How to Tackle a New Build Garden
It’s an exciting thing to do: starting the new garden of a newly build home. It is a blank canvas, so you can make it just how you want it. There’s probably no urgency if you’ve just moved in, there is the inside of the house to tackle first. Anyway the developers have probably laid turf and planted the odd shrub or tree. Perhaps the patio doors already open onto a patio that has been laid for you? One thing is certain, it will be fairly empty and it will look like a bigger space when empty than it really is.
I took a look at some pictures of new build gardens. Some are described as beautifully landscaped: like this on with turf and a solitary, poorly positioned tree. It will be an interesting exercise attempting to cut that funny little triangle of grass to the left of the rectangular terrace.
Your first big challenge will be what is beneath the surface. Even if turf has been laid the ground beneath it is probably compacted by movement of machinery, full of brick rubble and debris and is mostly subsoil anyway.
The good quality topsoil was probably dragged to one side and sold off before building work started. What comes back is a lottery! If in doubt ask that turf is not laid and work on the soil before you start.
Add loads of soil conditioner, such as spent mushroom compost, cultivate deeply and get rid of as much rubble and rubbish as you can. The condition of the soil is the foundation of your garden
If turf has already been laid badly as in the garden below, and a ridiculously small amount of hard surface laid by the house, my inclination would be to rip it all up and start from scratch. Lift the turf and stack it upside down in a corner of the garden and leave it to rot. This will produce a good organic loam which can be added to beds and borders in a year of two when fully composted.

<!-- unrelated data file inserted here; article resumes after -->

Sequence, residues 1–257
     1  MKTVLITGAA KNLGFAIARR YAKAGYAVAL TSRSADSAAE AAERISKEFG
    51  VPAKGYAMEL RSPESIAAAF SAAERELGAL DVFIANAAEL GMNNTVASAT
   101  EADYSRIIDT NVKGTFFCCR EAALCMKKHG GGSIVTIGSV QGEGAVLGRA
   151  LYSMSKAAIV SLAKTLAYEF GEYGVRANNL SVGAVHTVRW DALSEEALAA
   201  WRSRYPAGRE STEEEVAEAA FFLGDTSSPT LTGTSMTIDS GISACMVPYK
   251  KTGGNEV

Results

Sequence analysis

If the grass has established and looks fairly even and healthy you may be lucky. Perhaps your plot escaped the gruelling treatment usually inflicted on the outside space of new properties.
However this is a blank canvas and the first thing to do is to work out how you are going to soften the lines of that box you’ve inherited. Gardens are getting smaller and high fences surrounding a rectangle of boring grass is a great way to accentuate a small plot. Aim to soften those corners and blur the edges with bold planting a tree or two and some interesting shrubs. The worst thing you can do is follow the fence line with a narrow border of bedding plants. This just draws attention to the boundaries.
I bet if borders have been made they are too narrow. Now is the time to sort it. Minimum width 1 metre (3ft), ideally double that or more. If planting has been done and it is inappropriate take action at the outset. Even in top end developments weird planting takes place. This row of pencil cypresses in a line along the wall is just weird. A good evergreen climber would make such a difference.
The choice of plant material in the garden below is better but you can tell the landscaper just followed the plan without any consideration of what could be achieved. Repositioning the trees would obscure the windows of the houses beyond. Realigning the plant groupings could make this an attractive border rather than a boring bedding scheme. The tiny bed alongside the terrace is ridiculous. If enlarged it could encompass the manhole cover which remains as a feature in the middle of the lawn.
Of course a new build garden can become a whole lot worse if you get in a landscaper that does part of the job and scrimps on the planting. This terrace could look so much better if surrounded with good planting. The row of conifers is just ridiculous. Turf right up to the wall is a huge maintenance issue and make the construction look hard and industrial. The home owner just spent a lot of money on something that has not enhanced the property.
I could write a book on this subject but for now I will just emphasise that it is vital to sort the basics at the outset.
Cultivate, get rid of the rubbish, condition the soil or bring in topsoil from a reliable source.
Sort out the surfaces; don’t live with six slabs that the developer described as a patio.
Soften the boundaries and add height. Hide the horrors.
Consider maintenance, especially mowing. Get rid of those awkward corners and silly bits of grass you will never be able to cut.
Invest in the planting – it is after all what really makes a garden.